Garavito v. U.S. I.N.S.

Citation901 F.2d 173
Decision Date07 March 1990
Docket NumberNo. 89-1777,89-1777
PartiesJose GARAVITO, et al., Plaintiffs, Appellants, v. UNITED STATES IMMIGRATION AND NATURALIZATION SERVICE, Defendant, Appellee. . Heard
CourtUnited States Courts of Appeals. United States Court of Appeals (1st Circuit)

Patrick D. O'Neill with whom Martinez, Odell, Calabria & Sierra, Hato Rey, P.R., was on brief, for plaintiffs, appellants.

Miguel A. Fernandez, Asst. U.S. Atty., with whom Daniel F. Lopez Romo, U.S. Atty., Hato Rey, P.R., and Hans Burgos-Gandia were on brief, for defendant, appellee.

Before BREYER, TORRUELLA and SELYA, Circuit Judges.

BREYER, Circuit Judge.

On June 20, 1987, the appellant, Jose Garavito, a lawyer from Colombia who owns a gasoline service station in San Juan, Puerto Rico, entered the United States with a B-1 visa, a visa that the law makes available to an "alien" who is "visiting the United States temporarily for business." 8 U.S.C. Sec. 1101(a)(15)(B); see 22 C.F.R. Sec. 41.12 (providing for classification symbols). He subsequently asked the Immigration and Naturalization Service ("INS") to change his visa "classification" to category E-2, a classification available to an "alien," as well as to his "spouse and children," provided he comes from a country with an appropriate treaty and he comes here

solely to develop and direct the operations of an enterprise in which he has invested ... a substantial amount of capital.

8 U.S.C. Sec. 1101(a)(15)(E)(ii). See also 8 U.S.C. Sec. 1258 ("The Attorney General may ... authorize a change from any nonimmigrant classification to any other nonimmigrant classification...."); 8 C.F.R. Sec. 248.1 (providing for changes between nonimmigrant classifications). The INS denied the request for the change in classification. The appellant claims that the denial is "arbitrary, capricious, an abuse of discretion or otherwise not in accordance with law," and therefore unlawful under the Administrative Procedure Act, 5 U.S.C. Sec. 706(2)(A).

While we recognize that the INS has broad discretionary authority to decide when, or whether, a change in visa classification is proper, see, e.g., Patel v. INS, 738 F.2d 239, 242 (7th Cir.1984); Wing Ding Chan v. INS, 631 F.2d 978, 980-81 (D.C.Cir.1980), cert. denied, 450 U.S. 921, 101 S.Ct. 1371, 67 L.Ed.2d 349 (1981), we believe that, in this instance, its determination is indeed an "abuse of discretion." That is because one important reason the INS gave for denying the visa change rests upon an obviously false factual premise, namely that the appellant, in 1987, obtained a visa to visit the United States "for pleasure," rather than the "for business" visa that he actually obtained. In the circumstances of this case, that factual mistake is not simply harmless; rather, it could well determine the outcome.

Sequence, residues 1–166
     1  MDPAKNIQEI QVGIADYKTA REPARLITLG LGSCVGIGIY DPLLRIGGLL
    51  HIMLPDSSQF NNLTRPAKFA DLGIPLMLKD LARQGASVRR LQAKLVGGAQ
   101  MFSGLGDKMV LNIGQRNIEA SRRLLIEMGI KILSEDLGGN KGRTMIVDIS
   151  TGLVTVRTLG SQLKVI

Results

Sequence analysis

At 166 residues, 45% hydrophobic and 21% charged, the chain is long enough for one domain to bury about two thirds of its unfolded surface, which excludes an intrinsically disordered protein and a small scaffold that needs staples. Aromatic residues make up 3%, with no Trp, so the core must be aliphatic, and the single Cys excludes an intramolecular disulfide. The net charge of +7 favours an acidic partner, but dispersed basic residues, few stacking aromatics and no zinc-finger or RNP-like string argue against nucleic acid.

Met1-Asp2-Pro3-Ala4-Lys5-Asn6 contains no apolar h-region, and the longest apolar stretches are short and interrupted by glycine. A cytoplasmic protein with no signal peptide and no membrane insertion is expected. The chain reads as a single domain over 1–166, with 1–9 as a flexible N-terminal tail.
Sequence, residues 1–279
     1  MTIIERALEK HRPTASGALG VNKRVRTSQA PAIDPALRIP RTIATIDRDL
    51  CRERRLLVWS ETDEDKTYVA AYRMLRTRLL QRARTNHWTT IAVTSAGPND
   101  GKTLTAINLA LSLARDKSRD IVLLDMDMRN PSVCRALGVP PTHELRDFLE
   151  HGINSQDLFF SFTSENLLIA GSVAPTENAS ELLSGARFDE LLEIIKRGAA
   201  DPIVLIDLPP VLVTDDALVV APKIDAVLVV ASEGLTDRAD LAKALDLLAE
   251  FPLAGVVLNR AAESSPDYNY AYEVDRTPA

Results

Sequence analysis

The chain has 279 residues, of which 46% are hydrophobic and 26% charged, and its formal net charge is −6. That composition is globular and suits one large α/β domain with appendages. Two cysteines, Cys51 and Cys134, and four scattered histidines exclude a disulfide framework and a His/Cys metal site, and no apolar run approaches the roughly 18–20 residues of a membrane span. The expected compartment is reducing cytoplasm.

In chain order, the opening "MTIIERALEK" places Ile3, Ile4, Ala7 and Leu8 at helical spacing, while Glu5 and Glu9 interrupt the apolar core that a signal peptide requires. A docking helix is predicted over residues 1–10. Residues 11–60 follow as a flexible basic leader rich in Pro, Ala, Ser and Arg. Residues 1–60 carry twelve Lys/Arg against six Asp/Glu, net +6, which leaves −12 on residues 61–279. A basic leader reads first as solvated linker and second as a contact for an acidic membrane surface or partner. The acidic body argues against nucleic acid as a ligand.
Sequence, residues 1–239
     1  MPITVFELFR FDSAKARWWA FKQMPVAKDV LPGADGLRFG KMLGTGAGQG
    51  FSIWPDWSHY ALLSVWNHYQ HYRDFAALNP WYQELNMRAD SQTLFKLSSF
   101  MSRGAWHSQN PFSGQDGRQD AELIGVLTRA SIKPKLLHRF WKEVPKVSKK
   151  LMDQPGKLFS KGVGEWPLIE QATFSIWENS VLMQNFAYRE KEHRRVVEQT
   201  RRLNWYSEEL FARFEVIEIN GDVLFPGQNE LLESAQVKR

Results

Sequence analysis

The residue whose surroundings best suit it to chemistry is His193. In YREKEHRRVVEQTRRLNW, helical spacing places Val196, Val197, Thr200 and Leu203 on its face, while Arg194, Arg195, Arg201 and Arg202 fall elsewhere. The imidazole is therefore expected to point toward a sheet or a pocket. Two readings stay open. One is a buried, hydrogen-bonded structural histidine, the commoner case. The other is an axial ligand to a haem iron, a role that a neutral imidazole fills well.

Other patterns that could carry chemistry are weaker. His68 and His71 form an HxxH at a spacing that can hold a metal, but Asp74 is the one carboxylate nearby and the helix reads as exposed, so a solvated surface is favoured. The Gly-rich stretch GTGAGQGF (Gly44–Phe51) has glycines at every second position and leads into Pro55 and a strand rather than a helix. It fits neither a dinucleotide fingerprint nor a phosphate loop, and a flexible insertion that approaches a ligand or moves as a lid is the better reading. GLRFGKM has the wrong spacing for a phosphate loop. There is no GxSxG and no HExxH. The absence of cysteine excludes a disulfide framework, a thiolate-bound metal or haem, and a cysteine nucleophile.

The key background facts are the following:

1. The appellant, as we have said, is a citizen of Colombia, a nation that has a treaty with the United States entitling its citizens to enter the United States for commercial purposes. He is an attorney; he has a wife and two children; he owns an apartment and an office suite in Colombia.

2. In 1983 the appellant came to Puerto Rico to visit his brother, an American citizen. The appellant went to the INS offices, where the INS explained how he could stay in the United States, as a commercial investor, if he invested a "substantial amount of capital."

3. The appellant organized an investment corporation, acquired a gasoline service station, and invested $80,000 in the enterprise. In October 1983 the INS consequently changed his visa classification to "E" (but, by mistake, gave him a one year "E-1" foreign trade visa, instead of the proper "E-2" investor visa).

4. In June 1984 the appellant, who was in Curacao at the time, went to the American consulate to obtain an "E" visa, permitting him to reenter the United States. The consulate told him it could not give him the visa because he did not have with him the papers that showed he had invested $80,000 in an American commercial enterprise. Appellant then flew to San Juan and asked the immigration officers at the airport for an "E" visa. They admitted him provisionally, and in December the INS approved a "waiver," thereby permitting the appellant to remain in the United States with an "E-2" visa classification. The INS also permitted his wife and his children to come to San Juan with the same visa classification. The visa was valid until the end of 1986.

5. Between 1985 and 1987 the appellant's business in San Juan employed five to six persons. It took in revenues of $700,000 to $1 million annually.

6. In December 1986, the appellant left the United States, and returned in June 1987. He obtained a "B-1," "visiting ... for business" visa. In September he again applied to change the classification to "E-2" investor. This time, however, the INS denied his request; and it denied reconsideration of that denial.